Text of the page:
In one embodiment, the lateral flow device may include a plurality of substrates, each of which may be susceptible to cleavage by a different protease. According to this embodiment, the lateral flow device may be designed to examine a single test sample for more than one protease so as to identify a pathogen in the test sample with more particularity. For example, referring to
In addition, the lateral flow device of
One benefit of the lateral flow device of the present invention is the ability to readily incorporate one or more additional reagent zones to facilitate the above-described protease-catalyzed reaction. For example, referring again to
Another zone that may be employed in the lateral flow device 20 for improving detection accuracy is a control zone 32. The control zone 32 gives a signal to the user that the test is performing properly. More specifically, control reagents may be employed that flow through the chromatographic medium 23 upon contact with a sufficient volume of the test sample. These control reagents may then be observed, either visually or with an instrument, within the control zone 32. The control reagents generally contain a detectable substance, such as luminescent compounds (e.g., fluorescent, phosphorescent, etc.); radioactive compounds; visual compounds (e.g., colored dye or metallic substance, such as gold); liposomes or other vesicles containing signal-producing substances; enzymes and/or substrates, and so forth. Other suitable detectable substances may be described in U.S. patent Nos. U.S. Pat. No. 5,670,381 to Jou, et al. and U.S. Pat. No. 5,252,459 to Tarcha, et al., which are incorporated herein in their entirety by reference thereto for all purposes. If desired, the detectable substances may be disposed on particles (sometimes referred to as “beads” or “microbeads”), such as described above. Among other things, the particles enhance the ability of the detectable substance to travel through a chromatographic medium. Commercially available examples of suitable particles include fluorescent carboxylated microspheres sold by Molecular Probes, Inc. under the trade names “FluoSphere” (Red 580/605) and “TransfluoSphere” (543/620), as well as “Texas Red” and 5- and 6-carboxytetramethylrhodamine, which are also sold by Molecular Probes, Inc. In addition, commercially available examples of suitable colored, latex microparticles include carboxylated latex beads sold by Bang's Laboratory, Inc.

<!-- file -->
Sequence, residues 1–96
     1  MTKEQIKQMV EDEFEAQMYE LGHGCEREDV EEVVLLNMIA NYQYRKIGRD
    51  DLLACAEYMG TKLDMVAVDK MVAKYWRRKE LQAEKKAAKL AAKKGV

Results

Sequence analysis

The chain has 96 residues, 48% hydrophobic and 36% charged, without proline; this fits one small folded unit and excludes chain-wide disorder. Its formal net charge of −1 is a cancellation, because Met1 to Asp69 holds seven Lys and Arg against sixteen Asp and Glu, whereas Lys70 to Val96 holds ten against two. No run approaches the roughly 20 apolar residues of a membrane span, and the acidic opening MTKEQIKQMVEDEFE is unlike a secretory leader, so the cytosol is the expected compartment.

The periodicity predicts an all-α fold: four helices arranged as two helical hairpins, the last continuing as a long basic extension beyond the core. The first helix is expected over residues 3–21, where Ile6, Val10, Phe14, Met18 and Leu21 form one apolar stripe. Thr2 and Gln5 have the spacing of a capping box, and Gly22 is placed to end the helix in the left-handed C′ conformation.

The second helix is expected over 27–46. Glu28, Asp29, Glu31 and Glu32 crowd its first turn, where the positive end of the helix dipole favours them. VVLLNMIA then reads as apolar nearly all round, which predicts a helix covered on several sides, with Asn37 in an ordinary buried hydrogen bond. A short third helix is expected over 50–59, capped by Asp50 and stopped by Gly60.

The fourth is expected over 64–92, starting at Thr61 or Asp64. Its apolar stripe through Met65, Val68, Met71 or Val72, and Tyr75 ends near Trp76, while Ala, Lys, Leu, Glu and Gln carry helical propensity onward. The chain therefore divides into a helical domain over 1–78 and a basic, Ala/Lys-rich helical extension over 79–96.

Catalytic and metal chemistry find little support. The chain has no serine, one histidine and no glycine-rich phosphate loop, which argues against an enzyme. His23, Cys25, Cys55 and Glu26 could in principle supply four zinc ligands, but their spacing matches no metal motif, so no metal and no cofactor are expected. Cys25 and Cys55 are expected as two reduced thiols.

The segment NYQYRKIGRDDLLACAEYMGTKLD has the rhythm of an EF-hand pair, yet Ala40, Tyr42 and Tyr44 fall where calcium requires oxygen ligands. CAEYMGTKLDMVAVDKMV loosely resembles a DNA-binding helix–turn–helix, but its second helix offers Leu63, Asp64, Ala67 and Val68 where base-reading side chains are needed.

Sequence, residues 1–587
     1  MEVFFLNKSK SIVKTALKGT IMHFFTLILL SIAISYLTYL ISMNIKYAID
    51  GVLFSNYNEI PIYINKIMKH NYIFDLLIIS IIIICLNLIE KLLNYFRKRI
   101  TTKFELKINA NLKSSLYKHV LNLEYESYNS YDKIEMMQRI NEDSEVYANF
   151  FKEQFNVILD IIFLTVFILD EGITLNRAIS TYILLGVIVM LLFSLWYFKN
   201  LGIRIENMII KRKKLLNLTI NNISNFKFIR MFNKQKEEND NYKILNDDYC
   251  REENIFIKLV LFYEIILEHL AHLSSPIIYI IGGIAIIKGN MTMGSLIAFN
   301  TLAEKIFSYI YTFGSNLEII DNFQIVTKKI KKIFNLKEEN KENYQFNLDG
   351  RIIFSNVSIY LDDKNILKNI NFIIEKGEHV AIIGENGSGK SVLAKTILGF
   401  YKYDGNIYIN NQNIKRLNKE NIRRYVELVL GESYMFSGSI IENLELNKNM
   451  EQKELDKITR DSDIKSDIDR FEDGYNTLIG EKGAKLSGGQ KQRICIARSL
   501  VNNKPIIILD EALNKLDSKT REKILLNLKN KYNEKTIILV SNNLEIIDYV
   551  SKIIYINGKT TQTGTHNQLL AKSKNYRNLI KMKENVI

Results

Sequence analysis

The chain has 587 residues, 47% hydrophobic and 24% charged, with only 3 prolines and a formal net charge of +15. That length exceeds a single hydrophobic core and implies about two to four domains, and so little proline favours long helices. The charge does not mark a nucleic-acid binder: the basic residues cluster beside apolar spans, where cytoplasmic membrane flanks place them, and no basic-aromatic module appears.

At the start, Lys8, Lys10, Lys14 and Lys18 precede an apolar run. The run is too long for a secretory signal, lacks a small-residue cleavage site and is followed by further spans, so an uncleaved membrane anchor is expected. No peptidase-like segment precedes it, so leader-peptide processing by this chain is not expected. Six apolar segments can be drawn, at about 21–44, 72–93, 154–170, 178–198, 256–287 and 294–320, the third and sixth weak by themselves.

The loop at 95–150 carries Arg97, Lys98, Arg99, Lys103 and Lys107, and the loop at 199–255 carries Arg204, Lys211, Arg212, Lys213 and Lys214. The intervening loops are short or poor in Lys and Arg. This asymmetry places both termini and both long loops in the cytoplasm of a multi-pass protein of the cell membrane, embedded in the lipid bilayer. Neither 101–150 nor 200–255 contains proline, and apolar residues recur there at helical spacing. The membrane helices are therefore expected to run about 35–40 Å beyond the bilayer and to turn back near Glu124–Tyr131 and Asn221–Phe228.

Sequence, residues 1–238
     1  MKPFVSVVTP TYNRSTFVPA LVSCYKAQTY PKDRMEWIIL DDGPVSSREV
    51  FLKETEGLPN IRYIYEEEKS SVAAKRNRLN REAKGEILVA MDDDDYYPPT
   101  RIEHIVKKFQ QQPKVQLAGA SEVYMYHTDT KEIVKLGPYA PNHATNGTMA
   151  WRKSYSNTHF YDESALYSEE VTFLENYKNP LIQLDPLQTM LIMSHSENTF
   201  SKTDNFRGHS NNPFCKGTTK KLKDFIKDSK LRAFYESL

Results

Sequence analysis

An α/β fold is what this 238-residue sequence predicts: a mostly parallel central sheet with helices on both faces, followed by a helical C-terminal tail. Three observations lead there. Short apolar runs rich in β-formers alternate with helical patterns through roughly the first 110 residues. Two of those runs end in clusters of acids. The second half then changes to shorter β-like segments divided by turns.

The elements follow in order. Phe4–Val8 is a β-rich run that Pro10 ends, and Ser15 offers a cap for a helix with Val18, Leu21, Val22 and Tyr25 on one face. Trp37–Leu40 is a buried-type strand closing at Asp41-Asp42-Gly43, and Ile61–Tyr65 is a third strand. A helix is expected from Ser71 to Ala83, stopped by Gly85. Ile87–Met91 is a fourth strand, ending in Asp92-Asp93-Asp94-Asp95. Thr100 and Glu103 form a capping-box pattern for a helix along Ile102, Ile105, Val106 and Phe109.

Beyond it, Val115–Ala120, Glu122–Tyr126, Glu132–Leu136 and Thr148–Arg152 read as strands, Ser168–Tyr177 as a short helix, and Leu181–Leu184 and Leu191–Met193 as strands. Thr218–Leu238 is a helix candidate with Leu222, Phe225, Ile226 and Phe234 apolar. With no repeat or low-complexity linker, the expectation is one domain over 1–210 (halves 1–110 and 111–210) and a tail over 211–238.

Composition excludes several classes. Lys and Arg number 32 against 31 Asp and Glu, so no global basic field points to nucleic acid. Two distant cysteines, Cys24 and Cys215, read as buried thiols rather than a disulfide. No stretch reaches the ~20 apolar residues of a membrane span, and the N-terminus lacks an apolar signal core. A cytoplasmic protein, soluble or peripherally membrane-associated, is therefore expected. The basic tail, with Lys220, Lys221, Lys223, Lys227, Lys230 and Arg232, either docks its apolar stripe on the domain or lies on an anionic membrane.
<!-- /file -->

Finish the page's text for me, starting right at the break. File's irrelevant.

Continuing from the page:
The location of the control zone 32 may vary based on the nature of the test being performed. In the illustrated embodiment, for example, the control zone 32 is defined by the chromatographic medium 23 and positioned downstream from the detection zone 31. In such embodiments, the control zone 32 may contain a material that is non-diffusively immobilized in the manner described above and forms a chemical and/or physical bond with the control reagents. When the control reagents contain latex particles, for instance, the control zone 32 may include a polyelectrolyte that binds to the particles. Various polyelectrolytic binding systems are described, for instance, in U.S. Patent App. Publication No. 2003/0124739 to Song, et al., which is incorporated herein in it entirety by reference thereto for all purposes. In alternative embodiments, however, the control zone 32 may simply be defined by a region of the absorbent material 28 to which the control reagents flow after traversing through the chromatographic medium 23.
Regardless of the particular control technique selected, the application of a sufficient volume of the test sample to the device 20 will cause a detectable signal to form within the control zone 32, whether or not the protease is present. Among the benefits provided by such a control zone is that the user is informed that a sufficient volume of test sample has been added without requiring careful measurement or calculation. This provides the ability to use the lateral flow device 20 without the need for externally controlling the reaction time, test sample volume, etc.